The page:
For NC State Extension, providing services to all 100 counties requires tireless efforts even in the best of times. But the accomplishments of hundreds of Extension personnel during the COVID-19 pandemic have been nothing short of amazing. Always vital in connecting the community to research, technology and education, Extension stepped up those efforts to make sure every conceivable need was addressed.
By late March, stay-at-home orders and selective business shutdowns changed everything for many of us—the way we worked, learned and lived. As activities for many shifted online, NC State Extension didn’t miss a beat. It began making the transition to providing virtual, essential services to schoolchildren, families, farm operators, farmworkers, food service workers, community leaders and the public. It started by setting up a website that served as a one-stop shop to highlight COVID-19 research and resources. It combined online communication avenues and in-person services to address the threat of the disease and the fallout it caused.
The pandemic spanned the peak agriculture season for much of the state. Virtual farm visits and long-distance consultations were necessary to deal with typical agronomic issues. But COVID-19 brought new needs to the farming community, including the 70,000 to 80,000 farmworkers who harvest various crops around the state. Their typical communal living conditions made the spread of COVID-19 much easier. Extension worked with other state and local agencies to try to stop the spread among workers and in housing with outbreaks. They also helped locate alternative housing in some cases.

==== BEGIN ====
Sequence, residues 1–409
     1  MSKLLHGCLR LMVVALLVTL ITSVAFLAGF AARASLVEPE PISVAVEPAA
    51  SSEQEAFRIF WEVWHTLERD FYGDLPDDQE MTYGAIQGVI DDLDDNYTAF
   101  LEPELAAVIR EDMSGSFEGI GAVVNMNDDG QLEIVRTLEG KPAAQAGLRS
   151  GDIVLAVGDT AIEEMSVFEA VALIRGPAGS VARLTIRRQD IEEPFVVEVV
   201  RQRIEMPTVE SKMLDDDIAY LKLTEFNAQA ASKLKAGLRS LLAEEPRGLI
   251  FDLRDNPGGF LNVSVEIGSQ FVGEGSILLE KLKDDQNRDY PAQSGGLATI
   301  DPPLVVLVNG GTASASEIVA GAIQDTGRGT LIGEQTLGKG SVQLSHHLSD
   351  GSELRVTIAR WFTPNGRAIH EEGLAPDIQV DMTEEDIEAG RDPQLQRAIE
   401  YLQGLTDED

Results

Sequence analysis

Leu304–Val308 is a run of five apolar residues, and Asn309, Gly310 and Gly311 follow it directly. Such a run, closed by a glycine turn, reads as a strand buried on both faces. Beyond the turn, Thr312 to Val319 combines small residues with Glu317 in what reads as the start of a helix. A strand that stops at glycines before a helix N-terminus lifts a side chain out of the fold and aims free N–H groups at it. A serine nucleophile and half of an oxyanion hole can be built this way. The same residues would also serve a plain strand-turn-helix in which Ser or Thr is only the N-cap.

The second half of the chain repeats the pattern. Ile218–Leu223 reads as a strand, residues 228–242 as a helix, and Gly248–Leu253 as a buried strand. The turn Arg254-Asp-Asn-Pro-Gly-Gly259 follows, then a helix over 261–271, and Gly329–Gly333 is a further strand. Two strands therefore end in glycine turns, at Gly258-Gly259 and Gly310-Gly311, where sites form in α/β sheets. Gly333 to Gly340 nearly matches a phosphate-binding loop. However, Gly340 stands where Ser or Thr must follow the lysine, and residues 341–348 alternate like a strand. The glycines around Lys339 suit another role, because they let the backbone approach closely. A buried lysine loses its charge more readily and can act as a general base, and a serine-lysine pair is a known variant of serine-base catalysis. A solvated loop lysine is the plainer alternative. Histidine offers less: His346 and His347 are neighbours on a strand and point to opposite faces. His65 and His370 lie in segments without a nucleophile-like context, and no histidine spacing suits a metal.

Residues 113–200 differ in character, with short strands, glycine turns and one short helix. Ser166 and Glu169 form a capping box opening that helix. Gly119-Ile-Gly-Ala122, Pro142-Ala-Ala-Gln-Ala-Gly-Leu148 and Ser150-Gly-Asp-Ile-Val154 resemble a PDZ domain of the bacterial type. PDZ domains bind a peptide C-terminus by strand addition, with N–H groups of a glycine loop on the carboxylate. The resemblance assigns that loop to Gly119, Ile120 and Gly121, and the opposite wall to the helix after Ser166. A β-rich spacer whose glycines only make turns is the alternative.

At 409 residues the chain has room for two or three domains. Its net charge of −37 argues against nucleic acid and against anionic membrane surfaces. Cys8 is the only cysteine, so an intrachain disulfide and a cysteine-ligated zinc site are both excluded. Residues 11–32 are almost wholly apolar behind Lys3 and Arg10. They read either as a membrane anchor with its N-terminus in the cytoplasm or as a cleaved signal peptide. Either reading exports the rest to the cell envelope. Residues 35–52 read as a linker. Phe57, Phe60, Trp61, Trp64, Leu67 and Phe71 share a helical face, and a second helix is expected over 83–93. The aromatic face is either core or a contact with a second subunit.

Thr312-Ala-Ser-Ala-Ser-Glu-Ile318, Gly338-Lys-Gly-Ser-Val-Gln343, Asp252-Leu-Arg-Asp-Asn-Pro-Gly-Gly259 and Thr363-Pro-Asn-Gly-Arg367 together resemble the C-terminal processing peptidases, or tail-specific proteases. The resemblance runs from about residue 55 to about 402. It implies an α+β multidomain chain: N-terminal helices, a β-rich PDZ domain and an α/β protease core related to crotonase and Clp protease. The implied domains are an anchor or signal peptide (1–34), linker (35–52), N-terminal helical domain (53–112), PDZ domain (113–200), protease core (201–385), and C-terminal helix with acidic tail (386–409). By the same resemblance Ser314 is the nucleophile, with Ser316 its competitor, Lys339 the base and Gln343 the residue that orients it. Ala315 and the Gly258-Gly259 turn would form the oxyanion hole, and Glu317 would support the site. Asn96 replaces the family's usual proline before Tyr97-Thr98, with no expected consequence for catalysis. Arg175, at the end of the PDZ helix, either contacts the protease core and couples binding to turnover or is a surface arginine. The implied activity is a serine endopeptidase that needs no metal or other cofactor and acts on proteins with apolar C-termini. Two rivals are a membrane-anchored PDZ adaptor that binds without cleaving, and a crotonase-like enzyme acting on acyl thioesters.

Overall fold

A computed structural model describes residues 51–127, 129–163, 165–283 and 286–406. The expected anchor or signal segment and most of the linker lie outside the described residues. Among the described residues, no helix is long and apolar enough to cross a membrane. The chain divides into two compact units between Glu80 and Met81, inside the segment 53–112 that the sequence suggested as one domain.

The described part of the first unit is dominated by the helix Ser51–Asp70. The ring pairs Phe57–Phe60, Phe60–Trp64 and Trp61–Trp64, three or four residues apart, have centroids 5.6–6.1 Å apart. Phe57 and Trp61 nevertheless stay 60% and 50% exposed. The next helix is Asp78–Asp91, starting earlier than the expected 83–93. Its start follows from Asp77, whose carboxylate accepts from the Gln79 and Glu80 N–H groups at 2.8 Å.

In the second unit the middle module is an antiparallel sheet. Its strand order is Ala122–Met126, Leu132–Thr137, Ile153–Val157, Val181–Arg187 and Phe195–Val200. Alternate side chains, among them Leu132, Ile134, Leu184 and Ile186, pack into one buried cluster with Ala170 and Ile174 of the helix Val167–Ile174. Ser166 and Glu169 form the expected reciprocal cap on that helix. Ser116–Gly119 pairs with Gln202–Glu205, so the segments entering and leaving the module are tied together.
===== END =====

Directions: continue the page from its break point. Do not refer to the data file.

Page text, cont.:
Almost 1 million masks were distributed to farm employers and workers in eastern North Carolina and 2,000 in the mountain region. Extension staff provided education in person, including social distance training, and via resource materials in English and Spanish. As guest workers arrived on Christmas tree farms, Extension personnel helped coordinate mass COVID-19 testing.
Helping Schoolchildren and Families
Shuttered classrooms prompted a need for more than alternative access to curriculum. There was also a threat that some children would go hungry. Food insecurity was a major concern brought about by remote instruction—children who depended on free and reduced-cost breakfasts and lunches provided by schools were at risk.
NC State Extension’s Expanded Food and Nutrition Program recorded lessons to enrich elementary school virtual learning experiences and helped ensure children continued to have access to health and nutrition education. In Wake County, Extension agents helped connect food producers and vendors to nonprofits and families in need to ensure equitable distribution of food items. The Wake Child and Family Food Relief team helped map out distributions, compare them to economic vulnerability and economic health indices, and coordinate efforts with local food pantries and food banks. More than 70,000 produce boxes were provided to families through the U.S. Department of Agriculture’s Farmers to Families program. Program volunteers also helped to create a food resource locator app to help NC State Extension partners, staff and families find food. As a whole, more than 4 million meals were served from more than 202 distribution locations.
Connecting to Food Service Workers
Once in pandemic mode, NC State Extension’s food safety team quickly began researching and creating resources to address ever-increasing food safety concerns. It leant support to North Carolina’s $21.4 billion restaurant industry, which accounts for nearly 500,000 jobs (roughly 11% of employment in the state). Team members led and participated in more than 70 webinars and created more than 150 educational resources in four languages for the food industry to manage COVID-19. The food safety team multiplied its effort using the media, conducting more than 400 interviews resulting in over 950 media stories quoting team members.
To bolster a plan for reopening the restaurant industry, NC State Extension partnered with the N.C. Department of Health and Human Services, N.C. Restaurant and Lodging Association and Visit NC to launch the “Count On Me NC” program. This program equips restaurant personnel with the knowledge they need to successfully operate within COVID-19 restrictions. Free, online courses provide information on guidelines and restaurants’ roles in preventing further COVID-19 spread.